User: flenvcenter Topic: Biodiversity-Independent
Category: Protection :: Policy
Last updated: Feb 26 2015 20:37 IST RSS 2.0
 
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Oregon Gray Wolf Population Rebounding, But Remains Fragile 26.2.2015 Green on HuffingtonPost.com
By Courtney Sherwood PORTLAND, Ore., Feb 25 (Reuters) - Oregon's once decimated gray wolf population has rebounded to at least 77 animals, and the wolves are now pairing off and breeding across a wide region, state officials with the state's Department of Fish and Wildlife said on Wednesday. Gray wolves, native to Oregon but wiped out in the state by an eradication campaign in the early 20th century, first returned there in 2008 and have now spread out to multiple parts of the Pacific Northwest state. "The wolf population continues to grow and expand, and for the first time we've had wolf reproduction in southern Oregon," said Michelle Dennehy, spokeswoman for the state wildlife department. "And we had eight breeding pairs last year. We also documented six new pairs of wolves, and 26 pups." But as population growth triggers a review of state Endangered Species Act restrictions on harassing or killing wolves that threaten livestock, conservationists cautioned it remained too early to ...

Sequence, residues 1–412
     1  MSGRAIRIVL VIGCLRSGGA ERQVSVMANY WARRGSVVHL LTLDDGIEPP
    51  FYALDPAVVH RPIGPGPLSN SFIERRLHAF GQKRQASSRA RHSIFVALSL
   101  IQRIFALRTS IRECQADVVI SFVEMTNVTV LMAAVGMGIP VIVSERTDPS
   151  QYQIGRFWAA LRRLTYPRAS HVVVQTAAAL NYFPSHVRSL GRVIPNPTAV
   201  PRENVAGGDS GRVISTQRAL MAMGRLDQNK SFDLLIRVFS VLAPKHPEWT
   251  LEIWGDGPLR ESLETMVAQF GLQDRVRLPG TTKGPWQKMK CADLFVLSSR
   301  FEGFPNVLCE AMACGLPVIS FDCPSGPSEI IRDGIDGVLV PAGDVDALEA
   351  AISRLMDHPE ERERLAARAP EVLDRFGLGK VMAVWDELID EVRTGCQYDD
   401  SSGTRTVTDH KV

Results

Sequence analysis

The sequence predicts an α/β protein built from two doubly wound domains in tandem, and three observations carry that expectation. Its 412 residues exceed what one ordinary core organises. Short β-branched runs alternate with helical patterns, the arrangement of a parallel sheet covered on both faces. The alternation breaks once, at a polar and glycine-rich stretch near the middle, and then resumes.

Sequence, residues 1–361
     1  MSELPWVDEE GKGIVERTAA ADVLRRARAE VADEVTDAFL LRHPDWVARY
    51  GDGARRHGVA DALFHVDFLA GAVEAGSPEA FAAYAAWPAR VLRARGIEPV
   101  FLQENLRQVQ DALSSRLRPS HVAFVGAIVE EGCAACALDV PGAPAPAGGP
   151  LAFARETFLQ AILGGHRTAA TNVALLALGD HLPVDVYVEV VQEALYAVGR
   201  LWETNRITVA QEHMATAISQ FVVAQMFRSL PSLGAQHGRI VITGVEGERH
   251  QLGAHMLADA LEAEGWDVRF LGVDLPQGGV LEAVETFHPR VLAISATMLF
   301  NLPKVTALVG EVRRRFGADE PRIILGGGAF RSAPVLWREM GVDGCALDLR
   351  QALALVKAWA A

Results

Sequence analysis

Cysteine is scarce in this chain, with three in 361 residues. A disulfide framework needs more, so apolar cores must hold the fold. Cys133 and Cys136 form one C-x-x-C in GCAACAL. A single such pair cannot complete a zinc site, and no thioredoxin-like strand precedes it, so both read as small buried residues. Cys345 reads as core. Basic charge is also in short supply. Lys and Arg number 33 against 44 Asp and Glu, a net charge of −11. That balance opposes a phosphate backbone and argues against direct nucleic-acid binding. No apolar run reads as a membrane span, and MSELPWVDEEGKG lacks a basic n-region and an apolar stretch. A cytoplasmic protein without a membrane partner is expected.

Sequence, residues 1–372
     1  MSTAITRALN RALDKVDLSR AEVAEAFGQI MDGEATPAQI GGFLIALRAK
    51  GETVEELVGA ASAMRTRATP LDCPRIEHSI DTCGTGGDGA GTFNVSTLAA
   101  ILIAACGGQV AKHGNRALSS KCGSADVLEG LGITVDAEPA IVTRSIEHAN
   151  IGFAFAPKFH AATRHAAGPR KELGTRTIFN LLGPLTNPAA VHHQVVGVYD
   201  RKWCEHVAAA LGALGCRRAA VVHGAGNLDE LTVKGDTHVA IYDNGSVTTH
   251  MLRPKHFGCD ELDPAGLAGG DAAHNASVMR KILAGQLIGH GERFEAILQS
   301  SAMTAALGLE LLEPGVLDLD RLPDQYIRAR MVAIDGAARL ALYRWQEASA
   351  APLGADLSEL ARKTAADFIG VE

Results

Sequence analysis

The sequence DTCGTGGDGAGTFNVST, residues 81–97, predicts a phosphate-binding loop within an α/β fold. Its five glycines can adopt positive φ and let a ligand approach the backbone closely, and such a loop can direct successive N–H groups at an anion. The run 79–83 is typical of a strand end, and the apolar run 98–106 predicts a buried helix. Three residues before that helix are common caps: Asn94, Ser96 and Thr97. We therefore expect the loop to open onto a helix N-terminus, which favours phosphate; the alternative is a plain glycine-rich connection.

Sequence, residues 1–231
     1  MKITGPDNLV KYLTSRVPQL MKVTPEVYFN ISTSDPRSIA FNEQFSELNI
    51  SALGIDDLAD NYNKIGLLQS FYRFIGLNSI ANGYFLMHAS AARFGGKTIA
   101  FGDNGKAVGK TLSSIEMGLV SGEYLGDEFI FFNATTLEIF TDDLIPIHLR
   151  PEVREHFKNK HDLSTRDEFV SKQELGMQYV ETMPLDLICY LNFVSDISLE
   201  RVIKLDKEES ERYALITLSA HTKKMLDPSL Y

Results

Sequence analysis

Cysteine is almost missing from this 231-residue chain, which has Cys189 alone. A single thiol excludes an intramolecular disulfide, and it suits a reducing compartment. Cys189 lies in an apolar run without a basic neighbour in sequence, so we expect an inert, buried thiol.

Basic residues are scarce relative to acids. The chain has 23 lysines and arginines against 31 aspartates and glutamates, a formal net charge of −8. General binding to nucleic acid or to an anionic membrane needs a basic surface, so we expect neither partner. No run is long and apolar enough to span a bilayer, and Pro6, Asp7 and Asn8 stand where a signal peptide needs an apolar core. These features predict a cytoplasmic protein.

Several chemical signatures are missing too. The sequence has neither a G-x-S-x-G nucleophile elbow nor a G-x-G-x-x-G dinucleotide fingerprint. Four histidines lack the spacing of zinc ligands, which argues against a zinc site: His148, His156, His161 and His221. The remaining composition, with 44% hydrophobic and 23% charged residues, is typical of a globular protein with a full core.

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Pangolin conservation corrupted/immense losses explained. 24.2.2015 The Earth Times Online Newspaper - Health News
So does Vietnam rehabilitate its wildlife in reserves, or just sneak back and eat them later? It is a question that every international worker has to ask themselves in every corrupt regime, for every single expensive effort to improve lives and wildlife. It is our joint responsibility to improve the environment, but our partners must be suspect in many cases.
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New Conservation Science Is Misguided and Too Much About the Major Problem -- Us 24.2.2015 Green on HuffingtonPost.com